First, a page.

Almost anything—animate objects, inanimate objects, places, concepts, events, properties, and relationships—may be classified according to some taxonomic scheme. Taxonomies of the more generic kinds of things typically stem from philosophical investigations. Starting with the work of Aristotle in his work 'Categories' several philosophers, especially ontologists, arranged generic categories (also called types or classes) in a hierarchy that more or less satisfy the criteria for being a true taxonomy.
Taxonomy, or categorization, in the human cognition has been a major area of research in psychology. Social psychologists have sought to model the manner in which the human mind categorizes social stimuli (Self-categorization theory is a prototypical example). Some have argued that the adult human mind naturally organizes its knowledge of the world into such systems. Anthropologists have observed that taxonomies are generally embedded in local cultural and social systems, and serve various social functions.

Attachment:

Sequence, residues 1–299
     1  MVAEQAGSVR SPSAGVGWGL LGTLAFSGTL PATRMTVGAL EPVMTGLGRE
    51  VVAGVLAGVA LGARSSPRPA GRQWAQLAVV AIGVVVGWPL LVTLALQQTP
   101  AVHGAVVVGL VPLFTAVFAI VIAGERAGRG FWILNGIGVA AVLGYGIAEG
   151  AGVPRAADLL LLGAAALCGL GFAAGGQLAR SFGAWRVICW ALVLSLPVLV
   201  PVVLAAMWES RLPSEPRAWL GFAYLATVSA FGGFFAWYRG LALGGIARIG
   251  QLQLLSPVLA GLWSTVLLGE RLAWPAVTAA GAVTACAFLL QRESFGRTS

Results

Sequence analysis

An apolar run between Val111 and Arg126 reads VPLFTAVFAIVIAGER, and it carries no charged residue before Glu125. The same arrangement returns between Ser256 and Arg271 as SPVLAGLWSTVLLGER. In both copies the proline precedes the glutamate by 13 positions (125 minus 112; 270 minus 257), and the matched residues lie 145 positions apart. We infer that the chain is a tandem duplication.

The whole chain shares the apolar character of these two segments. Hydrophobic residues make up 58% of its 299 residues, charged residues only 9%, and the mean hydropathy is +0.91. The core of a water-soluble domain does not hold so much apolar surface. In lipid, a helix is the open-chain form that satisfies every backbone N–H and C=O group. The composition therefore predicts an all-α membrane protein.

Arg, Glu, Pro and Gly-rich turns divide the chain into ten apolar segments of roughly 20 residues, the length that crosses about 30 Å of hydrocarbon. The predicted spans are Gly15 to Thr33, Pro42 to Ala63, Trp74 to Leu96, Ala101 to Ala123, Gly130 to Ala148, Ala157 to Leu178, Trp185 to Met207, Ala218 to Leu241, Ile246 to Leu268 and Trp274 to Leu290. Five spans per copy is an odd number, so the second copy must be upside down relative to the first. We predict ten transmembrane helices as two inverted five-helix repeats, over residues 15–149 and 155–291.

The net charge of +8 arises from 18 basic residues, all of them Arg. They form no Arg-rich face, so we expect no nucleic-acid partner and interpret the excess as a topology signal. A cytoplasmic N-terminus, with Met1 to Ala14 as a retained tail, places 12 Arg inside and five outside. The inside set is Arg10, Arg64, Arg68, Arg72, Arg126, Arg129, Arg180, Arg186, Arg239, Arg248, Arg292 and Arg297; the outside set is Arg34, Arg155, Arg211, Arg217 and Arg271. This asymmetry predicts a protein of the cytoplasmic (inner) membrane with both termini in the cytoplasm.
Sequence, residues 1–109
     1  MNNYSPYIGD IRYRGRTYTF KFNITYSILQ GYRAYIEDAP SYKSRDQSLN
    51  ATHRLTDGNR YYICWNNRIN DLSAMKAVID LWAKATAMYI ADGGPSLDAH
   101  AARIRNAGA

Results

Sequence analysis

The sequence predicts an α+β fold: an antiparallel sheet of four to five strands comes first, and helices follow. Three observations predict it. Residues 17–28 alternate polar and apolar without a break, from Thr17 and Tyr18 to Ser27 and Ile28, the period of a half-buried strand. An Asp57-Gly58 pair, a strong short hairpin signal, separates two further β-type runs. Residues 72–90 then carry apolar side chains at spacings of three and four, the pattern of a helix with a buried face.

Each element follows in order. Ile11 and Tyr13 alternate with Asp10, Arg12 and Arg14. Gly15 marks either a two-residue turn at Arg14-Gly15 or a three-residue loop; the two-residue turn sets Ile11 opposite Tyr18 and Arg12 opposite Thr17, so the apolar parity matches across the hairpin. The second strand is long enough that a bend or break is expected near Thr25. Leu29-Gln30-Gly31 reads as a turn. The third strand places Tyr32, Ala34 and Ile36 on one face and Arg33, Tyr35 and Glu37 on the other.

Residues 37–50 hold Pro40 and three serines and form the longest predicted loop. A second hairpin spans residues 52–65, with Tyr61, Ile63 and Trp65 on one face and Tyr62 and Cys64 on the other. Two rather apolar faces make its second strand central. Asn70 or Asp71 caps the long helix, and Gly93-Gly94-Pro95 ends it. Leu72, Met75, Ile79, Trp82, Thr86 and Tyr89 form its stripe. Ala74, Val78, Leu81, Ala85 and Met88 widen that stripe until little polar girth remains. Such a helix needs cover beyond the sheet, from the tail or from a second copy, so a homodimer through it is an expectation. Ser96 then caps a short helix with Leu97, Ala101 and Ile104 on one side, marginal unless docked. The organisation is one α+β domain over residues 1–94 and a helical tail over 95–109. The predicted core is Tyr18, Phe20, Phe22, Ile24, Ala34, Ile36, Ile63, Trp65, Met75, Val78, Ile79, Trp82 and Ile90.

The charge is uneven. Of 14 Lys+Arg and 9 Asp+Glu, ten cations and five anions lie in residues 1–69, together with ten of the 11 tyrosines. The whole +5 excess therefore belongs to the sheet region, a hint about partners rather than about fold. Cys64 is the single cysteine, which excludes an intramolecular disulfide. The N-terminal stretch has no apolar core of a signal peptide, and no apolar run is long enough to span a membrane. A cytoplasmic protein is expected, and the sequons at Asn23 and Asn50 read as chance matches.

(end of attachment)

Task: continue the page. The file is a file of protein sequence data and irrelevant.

Other taxonomies, such as those analyzed by Durkheim and Lévi-Strauss, are sometimes called folk taxonomies to distinguish them from scientific taxonomies. Baraminology is a taxonomy used in creation science which in classifying form taxa resembles folk taxonomies. The phrase "enterprise taxonomy" is used in business (see economic taxonomy) to describe a very limited form of taxonomy used only within one organization. An example would be a certain method of classifying trees as "Type A", "Type B" and "Type C" used only by a certain lumber company for categorising log shipments. The military and health care/safety science fields also have their own taxonomies. In the field of modern computing, the semantic web requires formal XML extension taxonomies (like XBRL) called namespaces.
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